The Compensation Committee's responsibilities include:
Overseeing the effectiveness of our compensation program in attracting, retaining and motivating key employees;
Utilizing our compensation program to reinforce business strategies and objectives for enhanced stockholder value;
Administering our compensation program, including our incentive plans, in a fair and equitable manner consistent with established policies and guidelines;
Developing an overall executive compensation philosophy and strategy; and
Additional roles and activities with respect to executive compensation as described under Compensation Discussion and Analysis.
A copy of the Compensation Committee Charter is available on our website at www.halliburton.com.
Health, Safety and Environment Committee
The Health, Safety and Environment Committee's responsibilities include:
Reviewing and assessing our health, safety and environmental policies and practices;
Overseeing the communication and implementation of, and reviewing our compliance with, these policies, as well as applicable goals and legal requirements; and
Assisting the Board with oversight of our risk-management processes relating to health, safety and the environment.
A copy of our Health, Safety and Environment Committee Charter is available on our website at www.halliburton.com.
Nominating and Corporate Governance Committee
The Nominating and Corporate Governance Committee's responsibilities include:
Reviewing and recommending revisions to our corporate governance guidelines;
Overseeing our Director self-evaluation process and performance reviews;
Identifying and screening candidates for Board and committee membership;
Reviewing the overall composition profile of the Board for the appropriate mix of skills, characteristics, experience and expertise; and
Reviewing and making recommendations on Director compensation practices.
A copy of our Nominating and Corporate Governance Committee Charter is available on our website at www.halliburton.com.
Stockholder Nominations of Directors
Stockholders may nominate persons for election to the Board at a meeting of stockholders in the manner provided in our By-laws, which include a requirement to comply with certain notice procedures. Nominations shall be made pursuant to written notice to the Vice President and Corporate Secretary at the address of our principal executive offices set forth on page 1 of this proxy statement, and for the Annual Meeting of Stockholders in 2014, must be received not less than ninety (90) days nor more than one hundred twenty (120) days prior to the anniversary date of the 2013 Annual Meeting of Stockholders, or no later than February 14, 2014 and no earlier than January 15, 2014.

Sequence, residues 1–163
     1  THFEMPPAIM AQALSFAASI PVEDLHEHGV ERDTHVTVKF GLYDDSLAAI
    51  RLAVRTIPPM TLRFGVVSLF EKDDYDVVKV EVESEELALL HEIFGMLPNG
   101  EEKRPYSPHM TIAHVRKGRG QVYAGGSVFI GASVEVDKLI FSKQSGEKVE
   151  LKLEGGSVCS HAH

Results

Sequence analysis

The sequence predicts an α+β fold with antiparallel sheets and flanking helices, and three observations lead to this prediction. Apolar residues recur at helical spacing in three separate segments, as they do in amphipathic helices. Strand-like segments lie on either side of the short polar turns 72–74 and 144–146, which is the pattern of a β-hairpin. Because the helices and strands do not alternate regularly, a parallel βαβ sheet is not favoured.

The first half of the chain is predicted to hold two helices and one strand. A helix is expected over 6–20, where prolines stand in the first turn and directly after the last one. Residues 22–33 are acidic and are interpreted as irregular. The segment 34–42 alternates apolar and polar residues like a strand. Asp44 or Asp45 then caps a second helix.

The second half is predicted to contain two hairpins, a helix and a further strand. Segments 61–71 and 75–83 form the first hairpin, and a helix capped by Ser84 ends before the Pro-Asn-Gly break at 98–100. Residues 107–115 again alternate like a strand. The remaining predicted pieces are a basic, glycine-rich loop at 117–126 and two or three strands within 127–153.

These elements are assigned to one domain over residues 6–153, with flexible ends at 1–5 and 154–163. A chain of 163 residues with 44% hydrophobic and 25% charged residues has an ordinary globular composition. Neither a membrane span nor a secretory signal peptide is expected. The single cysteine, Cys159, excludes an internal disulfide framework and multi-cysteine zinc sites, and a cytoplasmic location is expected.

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The stockholder notice must contain, among other things, certain information relating to the stockholder and the proposed nominee as described in our By-laws. In addition, the proposed nominee may be required to furnish other information as we may reasonably require to determine the eligibility of the proposed nominee to serve as a Director. With respect to any proposed nominee nominated in accordance with Section 6 of our By-laws by a stockholder of record owning at least 1% of our issued and outstanding voting stock continuously for at least one year as of the date the written notice of the nomination is submitted to us, our Vice President and Corporate Secretary will (i) obtain from such nominee any additional relevant information the nominee wishes to provide in consideration of his or her nomination, (ii) report on each such nominee to the Nominating and Corporate Governance Committee and (iii) facilitate having each such nominee meet with the Nominating and Corporate Governance Committee as the committee deems appropriate.
Qualifications of Directors
Candidates nominated for election or reelection to the Board should possess the following qualifications:
Personal characteristics:
high personal and professional ethics, integrity and values;
an inquiring and independent mind; and
practical wisdom and mature judgment;
Broad training and experience at the policy-making level in business, government, education or technology;
Expertise that is useful to us and complementary to the background and experience of other Board members, so that an optimum balance of members on the Board can be achieved and maintained;
Willingness to devote the required amount of time to carrying out the duties and responsibilities of Board membership;
Commitment to serve on the Board for several years to develop knowledge about our principal operations;
Willingness to represent the best interests of all of our stockholders and objectively appraise management performance; and